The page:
The global economy is in the early days of digitalizing currencies. Central banks worldwide are either in the infancy period of transitioning to digital money or deliberating digitalization’s pros and cons. After a couple of trials in the post-coronavirus recovery, China is placing its bets on the digital yuan, advancing its scope and reach to become the kingpin of fiat money. But market analysts are only now beginning to show an interest in the virtual yuan, potentially out of fear that it could threaten and undermine the U.S. dollar and inflate its standing among international reserve currencies. Is this a positive step in the diversification of currencies, or will it be more of the same big-government economics? Whatever the case, the red dragon continues to expand its fiery breath across the globe.
Digital Yuan: What You Need to Know
In 2014, the People’s Bank of China (PBoC) began studying the creation and implementation of a digital yuan. Six years later, the central bank began rolling out various digital yuan trials in multiple cities with different companies, including McDonald’s, Starbucks, and Subway, participating in the test run. Authorities distributed “red packets” containing 200 yuan ($30), available on a mobile phone or a card. The money appears on a screen with the image of Mao Zedong, resembling physical cash. The digital yuan is programmable, and the government has tested expiration dates, which would be beneficial to stimulate an ailing economy. Overall, it would be an effective totalitarian tool to monitor the economy and the people.
Despite some hiccups, including notable amounts of fraud, officials liked what they saw. Beijing now plans to expand issuance ahead of next year’s Winter Olympics. While several details remain in limbo, the government has stated its objective for the yuan: prevalence and domestic dominance.
Today, many cross-border transactions are settled in dollars. China aims to change that by having cross-border settlements denominated in yuan. Meanwhile, the central government and the PBoC want to eliminate the incentive to utilize cryptocurrencies by having a digital yuan complement the broad array of electronic payment systems, such as Ant Group’s Alipay and Tencent Holdings’ WeChat Pay.
Chinese officials claim that they are not trying to dismantle the global currency system with a digital yuan. Former central bank head Zhou Xiaochuan told a Shanghai forum in December that technology is the primary objective for the government, not currency supremacy. He alluded to payments and currency conversions occurring in real-time.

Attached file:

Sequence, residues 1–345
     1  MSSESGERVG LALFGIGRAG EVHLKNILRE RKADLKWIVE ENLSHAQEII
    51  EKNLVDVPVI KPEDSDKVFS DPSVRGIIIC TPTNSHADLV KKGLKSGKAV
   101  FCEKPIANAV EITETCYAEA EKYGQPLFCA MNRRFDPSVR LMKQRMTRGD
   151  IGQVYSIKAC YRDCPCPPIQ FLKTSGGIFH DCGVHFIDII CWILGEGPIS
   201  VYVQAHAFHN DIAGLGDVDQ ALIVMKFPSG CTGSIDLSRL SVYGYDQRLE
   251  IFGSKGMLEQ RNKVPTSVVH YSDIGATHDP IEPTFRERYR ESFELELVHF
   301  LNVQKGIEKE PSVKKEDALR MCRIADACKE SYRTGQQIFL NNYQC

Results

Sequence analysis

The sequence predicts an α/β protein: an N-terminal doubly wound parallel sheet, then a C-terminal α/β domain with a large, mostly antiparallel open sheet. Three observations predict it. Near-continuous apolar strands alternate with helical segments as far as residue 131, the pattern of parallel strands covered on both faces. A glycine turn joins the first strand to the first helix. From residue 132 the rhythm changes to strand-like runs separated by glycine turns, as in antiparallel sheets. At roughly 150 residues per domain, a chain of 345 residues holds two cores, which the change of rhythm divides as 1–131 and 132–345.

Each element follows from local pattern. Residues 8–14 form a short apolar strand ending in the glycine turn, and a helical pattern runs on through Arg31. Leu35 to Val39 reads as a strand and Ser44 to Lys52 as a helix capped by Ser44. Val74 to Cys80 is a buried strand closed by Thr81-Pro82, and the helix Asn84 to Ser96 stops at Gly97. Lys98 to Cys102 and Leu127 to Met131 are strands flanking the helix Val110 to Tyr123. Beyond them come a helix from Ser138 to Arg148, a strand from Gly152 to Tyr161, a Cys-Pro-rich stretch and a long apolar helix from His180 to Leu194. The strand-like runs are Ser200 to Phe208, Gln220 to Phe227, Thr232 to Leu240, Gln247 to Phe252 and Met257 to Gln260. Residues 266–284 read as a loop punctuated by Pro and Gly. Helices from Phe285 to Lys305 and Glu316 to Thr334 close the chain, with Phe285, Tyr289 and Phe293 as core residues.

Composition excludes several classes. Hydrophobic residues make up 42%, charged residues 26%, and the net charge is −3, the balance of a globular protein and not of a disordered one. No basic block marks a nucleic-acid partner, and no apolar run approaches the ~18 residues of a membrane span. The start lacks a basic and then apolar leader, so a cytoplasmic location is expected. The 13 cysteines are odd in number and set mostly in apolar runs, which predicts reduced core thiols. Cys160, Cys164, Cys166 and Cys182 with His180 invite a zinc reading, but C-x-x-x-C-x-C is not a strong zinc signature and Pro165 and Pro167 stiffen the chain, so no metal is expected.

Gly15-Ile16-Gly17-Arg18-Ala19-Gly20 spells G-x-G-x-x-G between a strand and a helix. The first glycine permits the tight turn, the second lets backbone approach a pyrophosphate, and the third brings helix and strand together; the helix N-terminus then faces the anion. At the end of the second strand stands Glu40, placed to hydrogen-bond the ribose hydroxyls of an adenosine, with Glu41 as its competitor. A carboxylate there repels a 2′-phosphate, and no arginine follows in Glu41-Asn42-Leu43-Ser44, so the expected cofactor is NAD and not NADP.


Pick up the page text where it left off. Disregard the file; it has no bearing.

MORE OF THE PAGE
Even if these leaders’ intentions are benign, it is difficult to fathom how a country that possesses a social credit system would not abuse a digital yuan for surveillance purposes and treat its undesirable citizens like lepers. And this is what would make the digitalization of currency a terrifying threat.
Biden Sees Long-Term Threat
The Biden administration is monitoring the increased rollout of the digital yuan. Officials are concerned that it could be a part of a long-term initiative to topple the good old buck as the world’s international reserve currency. Reports suggest that leaders at the Treasury, State Department, Pentagon, and National Security Council are attempting to understand the implications of Beijing bolstering the digital yuan. For now, authorities are not too concerned about the currency being used to skirt U.S. sanctions. But the more they understand the digital yuan, the better the chance of a digital dollar coming soon?
A Digital Dollar Is Born?
Federal Reserve Chair Jerome Powell revealed to lawmakers during his semi-annual testimony that the institution is studying a digital dollar. Powell noted that he is more focused on getting it right than being the first. He also told 60 Minutes in a recent interview that the issue of a digital dollar is something for Congress and the public to address:
“We have not made a decision to do this because, again, the question is will this benefit the people that we serve? And we need to answer that question well. And we need to involve the public and Congress deeply in that process, because it would be an important step if we were to do this.”
[ln-radio align=”left”]Treasury Secretary Janet Yellen has been enthusiastic about the prospect of digitalizing the dollar, explaining that “it makes sense” for central banks to start issuing sovereign digital currencies that address the various problems within the financial sector. Many countries, from Sweden to the United Kingdom to Canada, are already ahead of Yellen as they have started studying the implementation of a digital currency.
War on Cash in the Great Reset
Could the digital yuan replace the greenback? It is unlikely. However, the yuan’s ubiquity could intensify in the years to come, which is already evident in the quarterly International Monetary Fund’s (IMF) Currency Composition of Official Foreign Exchange Reserves data updates. As Liberty Nation has reported over the years, there is a coordinated effort among America’s adversaries – and even allies – to limit the dollar’s reign as currency king. The de-dollarization push could escalate in the Great Reset, leaving behind a trail of ripped-up dollars that could eventually become worthless if the Federal Reserve maintains its ultra-aggressive monetary expansion endeavors. This is the beginning of more countries embracing central bank digital currencies (CBDCs) to trample on civil liberties and economic freedoms. Perhaps it is time to start hiding cash in your cookie jar or burying it in the backyard. Too many governments will eventually exploit digital money for iniquitous means.
Read more from Andrew Moran.